In John Kerry’s words, “If the choice is one state, Israel can either be Jewish or democratic, it cannot be both.”31 Israel will be forced to choose either granting equal rights to Palestinians through instituting a one-state secular democracy and creating a binational state, or accepting Palestinian independence with the recognition of the territorial and population integration that will have to accompany it. This proposal is not meant to serve as a definitive “solution” to the Palestinian-Israeli conflict, but represents what may be the only means for Palestinians to regain interest in their cause, reframe the conflict parameters, and embark on a path toward rights, regardless of the specific political state structure. In essence, this merely lays forth the next stage of the Palestinian struggle for self-determination and equal human rights, which will be a protracted civil rights movement with the aim of ensuring that the status quo is not sustainable for Israel in the long run.

However, Israel’s most comprehensive success and the factor that continues to serve as a shield against struggles for justice has been their ability to deeply fragment not only the physical existence of Palestinians, but more importantly, their very identity. In truth, the fate of the next stage of the Palestinian struggle for rights and dignity will be dependent on their ability to unite, transcend their physical and political divisions, and rebuild their shared sense of identity. But after undergoing such a thorough, systematic process of fragmentation through occupation and expulsion, the question is whether a unified Palestinian platform can even be identified and maintained in the face of inevitably severe Israeli repression. Will Palestinians prove capable of overcoming the countless physical and political boundaries that have been constructed at their every turn? Will the oppressed become oppressors themselves? Or will they be forced to fade into silent suffering in the shadow of history, as have so many as the world complacently accepts another casualty of settler-colonialism’s unchallenged brutality?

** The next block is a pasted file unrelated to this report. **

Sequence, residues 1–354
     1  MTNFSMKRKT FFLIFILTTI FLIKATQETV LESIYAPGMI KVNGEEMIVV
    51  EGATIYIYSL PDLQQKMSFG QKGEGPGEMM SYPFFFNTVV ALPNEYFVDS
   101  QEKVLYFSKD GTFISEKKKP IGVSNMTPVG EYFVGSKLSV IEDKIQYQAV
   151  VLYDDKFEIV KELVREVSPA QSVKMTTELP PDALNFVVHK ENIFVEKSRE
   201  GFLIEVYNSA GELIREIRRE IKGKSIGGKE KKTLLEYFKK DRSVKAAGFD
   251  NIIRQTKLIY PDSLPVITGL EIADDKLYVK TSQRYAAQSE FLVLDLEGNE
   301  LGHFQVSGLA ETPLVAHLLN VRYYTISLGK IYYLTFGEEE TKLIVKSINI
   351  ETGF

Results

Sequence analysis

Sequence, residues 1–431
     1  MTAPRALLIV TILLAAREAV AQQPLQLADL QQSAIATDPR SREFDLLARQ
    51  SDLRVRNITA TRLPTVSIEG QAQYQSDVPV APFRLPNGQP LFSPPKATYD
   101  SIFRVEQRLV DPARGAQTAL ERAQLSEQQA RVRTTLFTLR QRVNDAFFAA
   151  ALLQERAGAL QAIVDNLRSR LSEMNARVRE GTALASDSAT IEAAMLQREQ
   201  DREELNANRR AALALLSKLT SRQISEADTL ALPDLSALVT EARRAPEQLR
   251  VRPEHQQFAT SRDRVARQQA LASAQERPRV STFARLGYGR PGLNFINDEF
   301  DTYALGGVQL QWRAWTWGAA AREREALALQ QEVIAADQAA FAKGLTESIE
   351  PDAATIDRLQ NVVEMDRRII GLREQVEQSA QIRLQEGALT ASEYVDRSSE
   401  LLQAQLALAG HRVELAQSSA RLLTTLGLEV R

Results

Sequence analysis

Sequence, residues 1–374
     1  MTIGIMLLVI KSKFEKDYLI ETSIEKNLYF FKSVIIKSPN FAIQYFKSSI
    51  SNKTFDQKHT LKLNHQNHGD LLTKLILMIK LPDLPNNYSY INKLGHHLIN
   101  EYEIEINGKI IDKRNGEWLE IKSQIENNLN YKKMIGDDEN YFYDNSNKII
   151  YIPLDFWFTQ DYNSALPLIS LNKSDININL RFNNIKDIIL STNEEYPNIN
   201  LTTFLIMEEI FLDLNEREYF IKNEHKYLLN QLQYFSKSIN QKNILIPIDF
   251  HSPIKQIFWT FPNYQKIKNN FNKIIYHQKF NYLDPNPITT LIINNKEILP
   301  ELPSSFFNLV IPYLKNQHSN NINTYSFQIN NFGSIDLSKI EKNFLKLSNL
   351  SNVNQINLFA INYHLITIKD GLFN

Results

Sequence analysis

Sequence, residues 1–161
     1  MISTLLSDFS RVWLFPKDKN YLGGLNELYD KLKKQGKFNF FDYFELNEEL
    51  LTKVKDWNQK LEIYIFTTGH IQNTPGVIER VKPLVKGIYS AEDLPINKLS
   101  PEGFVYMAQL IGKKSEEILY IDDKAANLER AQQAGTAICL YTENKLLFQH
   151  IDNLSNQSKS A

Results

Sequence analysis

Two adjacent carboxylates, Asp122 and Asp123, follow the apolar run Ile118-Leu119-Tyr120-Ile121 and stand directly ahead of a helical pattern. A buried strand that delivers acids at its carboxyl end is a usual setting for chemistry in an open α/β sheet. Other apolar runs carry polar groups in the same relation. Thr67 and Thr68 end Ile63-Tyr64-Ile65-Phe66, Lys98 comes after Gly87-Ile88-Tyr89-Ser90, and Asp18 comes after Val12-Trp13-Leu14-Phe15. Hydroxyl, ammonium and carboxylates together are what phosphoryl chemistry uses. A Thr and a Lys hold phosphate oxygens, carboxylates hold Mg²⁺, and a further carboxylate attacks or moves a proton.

1. Bashir Bashir, “The Strengths and Weaknesses of Integrative Solutions for the Israeli-Palestinian Conflict,” Middle East Journal (70, No. 4, 2016).
  2. Palestinian Center for Policy and Survey Research (PCPSR), “Public Opinion Poll No. 62” (Dec. 2016).
  3. Sara Roy, “Reconceptualizing the Israeli-Palestinian Conflict: Key Paradigm Shifts,” Journal of Palestine Studies (41, No. 3, 2012), 81.
  4. Roy, 82.
  5. Roy, 82.
  6. Dania Saadi, “Palestinian Lawmaker Says Israel’s Withholding of Tax Revenue Causing Irreparable Damage to Economy,” The National, May 13, 2017.
  7. Daoud Kuttab, “Questions Arise About Large Palestinian Security Budget,” Al-Monitor, Dec. 23, 2016.
  8. “Is the Two-State Solution in Danger?” Haaretz, April 13, 2004.
  9. Virginia Tilley, The One-State Solution: A Breakthrough for Peace in the Israeli-Palestinian Deadlock (Ann Arbor: University of Michigan Press, 2005), 315.
  10. Dan Rabinowitz, “The Right to Refuse: Abject Theory and the Return of Palestinian Refugees,” Critical Inquiry (36, No. 3, 2010), 501-502.
  11. Susan Akram, “The Rights of Palestinian Refugees and Territorial Solutions in Historic Palestine,” in Hani A. Faris, ed., The Failure of the Two-State Solution (London: I.B. Tauris & Co. Ltd., 2013), 173.
  12. Omar Barghouti, “A Secular Democratic State in Historic Palestine: Self-Determination Through Ethical De-colonization,” in Anthony Loewenstein and Ahmed Moor, eds., After Zionism (Saqi, 2012), 196.
  13. Barghouti, 200.
  14. Ali Abunimah, “Challenging the Consensus Favouring the Two-State Model,” in Faris, ed., The Faiure of the Two-State Solution (London: I.B. Tauris & Co. Ltd., 2013), 136.
  15. Barghouti, 199.
  16. As’ad Ghanem, “The Binational State Solution,” Israel Studies (14, No. 2, 2009), 126.
  17. Nadia Hijab, “Reversing Defeat Through Nonviolent Power,” in Faris, ed., The Failure of the Two-State Solution (London: I.B. Tauris & Co. Ltd., 2013), 271.
  18. Victoria Mason and Richard Falk, “Assessing Nonviolence in the Palestinian Rights Struggle,” State Crime Journal (5, No. 1, 2016), 167.
  19. Samantha Smith and Carroll Doherty, “5 Facts About How Americans View the Israeli-Palestinian Conflict,” Pew Research Center, March 23, 2016.
  20. Joel Kovel, “Awakening the American Conscience About Israel/Palestine,” in Faris, ed., The Failure of the Two-State Solution (London: I.B. Tauris & Co. Ltd., 2013), 300.
  21. PCPSR, “Public Opinion Poll No. 58” (Dec. 2015).
  22. PCPSR, “Public Opinion Poll No. 62” (Dec. 2016).
  23. Iyad Abuheweila and Isabel Kershner, “He Played at Death in a Gaza Cemetery. Then He Was Buried There,” New York Times, April 22, 2018.
  24. Mason and Falk, 169.
  25. Mason and Falk, 170.
  26. B’Tselem, “Fatalities in the First Intifada,”
  27. Mason and Falk, 170.
  28. Mason and Falk, 170.
  29. Mason and Falk, 170.
  30. Omri Arens and Edward Kaufman, “The Potential Impact of Palestinian Nonviolent Struggle on Israel: Preliminary Lessons and Projections for the Future,” Middle East Journal (66, No. 2, 2012), 237.
  31. David Sanger, “Kerry Rebukes Israel, Calling Settlements a Threat to Peace,” New York Times, Dec. 28, 2016.
About Author

Tariq Kenney-Shawa is a 2017 graduate of Rutgers University with a BA in political science and Middle East studies.